# William T. Hathaway’s first book, A World of Hurt, won a Rinehart Foundation Award. His new one, Wellsprings: A Fable of Consciousness, concerns Transcendental Meditation and the environmental crisis: www.cosmicegg-books.com/books/wellsprings. He was a Fulbright professor of creative writing at universities in Germany, where he currently lives. A selection of his writing is available at www.peacewriter.org


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“Visit to the Brahmasthan” – by William T. Hathaway

Residence buildings at the Brahmasthan of India. Source: globalgoodnews.com

Residence buildings at the Brahmasthan of India. Source: globalgoodnews.com

Visit to the Brahmasthan of India

By William T. Hathaway

I’ve had wonderful results in my active life from Transcendental Meditation — clearer thinking, more energy, more success — but I’ve had very few experiences while meditating. A couple of times a year I might have a few moments when the thoughts thin out enough for me to sense there is a field of silence underlying them. Very rarely I’ve glimpsed a bit of glow coming from that underlying field. I treasure these few moments.

I recently visited the community that Maharishi Mahesh Yogi built at the central point of India, the Brahmasthan. Two thousand Pandits live there, meditating and performing Vedic ceremonies. In my first program in the yogic flying hall I felt deep silence as soon as I started meditating. And it didn’t go away as it always had before. It lasted, and it glowed. When I started the sutras, I gradually became aware that the silence had an energy to it, an inner dynamism. As I went on, joy began radiating from it like sunlight.

When I started yogic flying, I could sense this whole field was alive, filled with divine Beings. There was Shiva, Vishnu, Ganesh, and others whose names I didn’t know. There was Maharishi, Guru Dev, and Shankara. As I made great leaps, they told me, “We are bringing you up! We are bringing you up!” They were raising me into the air, but like cosmic parents they were also raising me into the full adulthood of higher consciousness. And amazingly enough, as good parents, they loved me.

I could perceive that they weren’t dwelling only in the transcendent but were permeating the whole atmosphere of the Brahmasthan. Then they weren’t just permeating the place but also permeating me. Then they were me. At this, I was totally enveloped in divine love. I was divine love. The unity of creation became a living reality. I had heard this statement before, but now it was no longer abstract. It was me. And this is going on all the time in full glory whether I’m perceiving it or not.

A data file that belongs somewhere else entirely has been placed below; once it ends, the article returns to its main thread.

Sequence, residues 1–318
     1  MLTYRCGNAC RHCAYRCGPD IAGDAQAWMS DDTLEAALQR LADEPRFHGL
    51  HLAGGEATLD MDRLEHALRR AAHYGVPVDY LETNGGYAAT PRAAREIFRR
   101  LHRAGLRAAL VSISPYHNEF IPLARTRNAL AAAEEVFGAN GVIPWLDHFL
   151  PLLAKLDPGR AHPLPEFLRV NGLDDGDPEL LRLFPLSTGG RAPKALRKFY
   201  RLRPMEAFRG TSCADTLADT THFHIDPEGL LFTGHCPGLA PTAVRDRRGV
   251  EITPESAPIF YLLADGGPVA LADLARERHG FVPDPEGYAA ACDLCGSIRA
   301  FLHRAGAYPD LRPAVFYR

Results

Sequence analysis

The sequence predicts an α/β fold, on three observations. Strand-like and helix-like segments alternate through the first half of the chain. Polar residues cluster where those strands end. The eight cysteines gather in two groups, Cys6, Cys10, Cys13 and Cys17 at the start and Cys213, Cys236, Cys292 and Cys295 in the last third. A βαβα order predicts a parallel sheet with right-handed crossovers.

For the next four weeks I didn’t perceive it at all, just my usual mantra and thoughts, sutra and thoughts. Then at the end of the final Vedic chanting ceremony of my visit, I felt a sensation in the area of my heart. It was Maharishi! He was suddenly there, as if he’d just popped in. Then I realized he had been there all along, but I had only now become aware of him, as when a statue is unveiled and you can finally see it. This was no statue though, but a living presence. I remembered the section of the puja that describes the guru as “ever-dwelling in the lotus of my heart.” I could see this wasn’t a figure of speech but a statement of fact. Devotion poured from me to him, and I basked in his approval.

People were leaving the hall, and as I stood up, his presence expanded to become like a hollow tube running from the top of my head to the base of my spine. My awareness was centered inside the tube, and I was perceiving everything from this inner core of silence. This is my Brahmasthan, I suddenly knew. People too have Brahmasthans, a transcendental center out of which activity manifests.

I started walking, but I wasn’t walking. I ate a prasad banana, but I wasn’t eating. Walking was happening and eating was happening, but I wasn’t doing them. I was observing it all like a king on a throne enjoying the activity of my kingdom but not involved in it, totally free within myself. This is delightful, I thought, but what is it?

This is the Self, Maharishi explained. The one great Self that enlivens the universe. You are in the Self now, and that is separate from activity.

That sounds like enlightenment, cosmic consciousness, I thought.

Yes, Maharishi told me. Just a glimpse of what awaits you.

Gradually the glimpse faded, and my real identity became overshadowed by relative activity. Now that I’ve had these experiences, though, I know my deeper reality and I’ll never be the same again.

* William T. Hathaway’s first novel, A World of Hurt, won a Rinehart Foundation Award. His new book, Wellsprings: A Fable of Consciousness, concerns TM and the environmental crisis: www.cosmicegg-books.com/books/wellsprings. He was a Fulbright professor of creative writing at universities in Germany, where he currently lives. A selection of his writing is available at www.peacewriter.org